Video

Video Migrants Trek Through Western Balkans to Reach EU

Migrants from Africa and other places are finding different routes into the European Union in search of a better life. The Associated Press followed one clandestine group to document their trek through the western Balkans to Hungary. Zlatica Hoke reports that the migrants started using that route about four years ago. Since then, it has become the second-most popular path into Western Europe, after the option of sailing from North Africa to Italy.
Video

Video TIME Magazine Honors Activists, Pioneers Seen as Influential

TIME Magazine has released its list of celebrities, leaders and activists, whom it deems the world’s “most influential” in 2015. VOA's Ramon Taylor reports from New York.
Video

Video US Businesses See Cuba as New Frontier

The Obama administration's opening toward Cuba is giving U.S. companies hope they'll be able to do business in Cuba despite the continuation of the U.S. economic embargo against the communist nation. Some American companies have been able to export some products to Cuba, but the recent lifting of Cuba's terrorism designation could relax other restrictions. As VOA's Daniela Schrier reports, corporate heavy hitters are lining up to head across the Florida Straits - though experts urge caution.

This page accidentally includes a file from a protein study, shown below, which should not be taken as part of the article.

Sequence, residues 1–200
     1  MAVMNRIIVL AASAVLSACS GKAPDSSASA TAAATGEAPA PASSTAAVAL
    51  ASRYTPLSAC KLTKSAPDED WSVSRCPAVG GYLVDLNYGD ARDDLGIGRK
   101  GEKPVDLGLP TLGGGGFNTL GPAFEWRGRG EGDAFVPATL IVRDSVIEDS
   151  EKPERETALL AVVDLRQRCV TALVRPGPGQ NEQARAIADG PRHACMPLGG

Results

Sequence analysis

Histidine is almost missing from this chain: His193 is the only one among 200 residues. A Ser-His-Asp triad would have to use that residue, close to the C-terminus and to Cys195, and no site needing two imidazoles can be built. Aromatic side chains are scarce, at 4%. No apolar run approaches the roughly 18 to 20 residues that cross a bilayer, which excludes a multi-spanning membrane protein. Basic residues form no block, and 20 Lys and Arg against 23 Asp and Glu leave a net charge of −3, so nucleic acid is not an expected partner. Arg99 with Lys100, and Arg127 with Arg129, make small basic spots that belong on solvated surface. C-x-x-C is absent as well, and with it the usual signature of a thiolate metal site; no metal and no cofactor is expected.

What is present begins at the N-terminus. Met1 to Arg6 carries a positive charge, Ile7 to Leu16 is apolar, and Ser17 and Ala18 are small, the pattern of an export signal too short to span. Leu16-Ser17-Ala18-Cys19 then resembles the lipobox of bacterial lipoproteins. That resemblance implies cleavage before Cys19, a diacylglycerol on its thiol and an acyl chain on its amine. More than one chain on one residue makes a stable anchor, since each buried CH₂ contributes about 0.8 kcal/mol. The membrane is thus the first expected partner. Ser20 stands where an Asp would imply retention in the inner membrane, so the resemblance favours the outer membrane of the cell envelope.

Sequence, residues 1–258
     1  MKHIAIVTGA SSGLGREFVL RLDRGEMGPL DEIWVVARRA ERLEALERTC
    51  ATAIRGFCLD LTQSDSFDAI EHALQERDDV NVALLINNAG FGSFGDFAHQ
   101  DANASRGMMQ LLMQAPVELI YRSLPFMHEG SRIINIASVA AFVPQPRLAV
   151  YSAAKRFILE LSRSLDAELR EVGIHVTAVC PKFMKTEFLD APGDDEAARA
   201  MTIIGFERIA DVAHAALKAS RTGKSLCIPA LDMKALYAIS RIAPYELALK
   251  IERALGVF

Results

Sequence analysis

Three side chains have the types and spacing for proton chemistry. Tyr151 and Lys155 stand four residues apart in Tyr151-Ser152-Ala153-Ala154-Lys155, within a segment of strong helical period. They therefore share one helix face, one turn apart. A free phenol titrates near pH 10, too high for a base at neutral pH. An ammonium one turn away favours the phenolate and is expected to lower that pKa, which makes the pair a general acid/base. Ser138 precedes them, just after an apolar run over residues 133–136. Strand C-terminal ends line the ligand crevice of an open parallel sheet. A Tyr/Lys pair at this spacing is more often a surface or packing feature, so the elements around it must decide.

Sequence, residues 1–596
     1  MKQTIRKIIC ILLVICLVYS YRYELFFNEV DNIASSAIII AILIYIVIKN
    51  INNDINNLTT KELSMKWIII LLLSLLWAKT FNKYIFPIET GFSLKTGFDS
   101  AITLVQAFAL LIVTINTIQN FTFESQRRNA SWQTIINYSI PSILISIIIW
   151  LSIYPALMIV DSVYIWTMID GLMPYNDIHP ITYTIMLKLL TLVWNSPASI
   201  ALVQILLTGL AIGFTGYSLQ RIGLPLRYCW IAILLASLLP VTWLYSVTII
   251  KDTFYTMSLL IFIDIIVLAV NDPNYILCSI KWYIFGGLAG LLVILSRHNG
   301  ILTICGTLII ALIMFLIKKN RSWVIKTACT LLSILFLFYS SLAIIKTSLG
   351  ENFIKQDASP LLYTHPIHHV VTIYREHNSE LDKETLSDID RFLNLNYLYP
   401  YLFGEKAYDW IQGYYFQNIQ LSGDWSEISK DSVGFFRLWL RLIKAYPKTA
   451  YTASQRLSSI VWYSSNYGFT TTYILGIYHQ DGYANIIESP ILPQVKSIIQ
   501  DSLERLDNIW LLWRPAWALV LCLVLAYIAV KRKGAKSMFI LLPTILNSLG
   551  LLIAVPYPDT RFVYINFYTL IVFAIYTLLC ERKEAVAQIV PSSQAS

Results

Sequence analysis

Video

Video Kenya Launches Police Recruitment Drive After Terror Attacks

Kenya launched a major police recruitment drive this week as part of a large-scale effort to boost security following a recent spate of terror attacks. VOA’s Gabe Joselow reports that allegations of corruption in the process are raising old concerns about the integrity of Kenya’s security forces.
Video

Video Japan, China in Race for Asia High-Speed Rail Projects

A lucrative competition is underway in Asia for billions of dollars in high-speed rail projects. Cambodia, India, Indonesia, Malaysia Thailand and Vietnam are among the countries planning to move onto the fast track. They are negotiating with Japan and the upstart Chinese who are locked in a duel to revolutionize transportation across Asia. VOA Correspondent Steve Herman in Bangkok has details.
Video

Video Scientists: Mosquitoes Attracted By Our Genes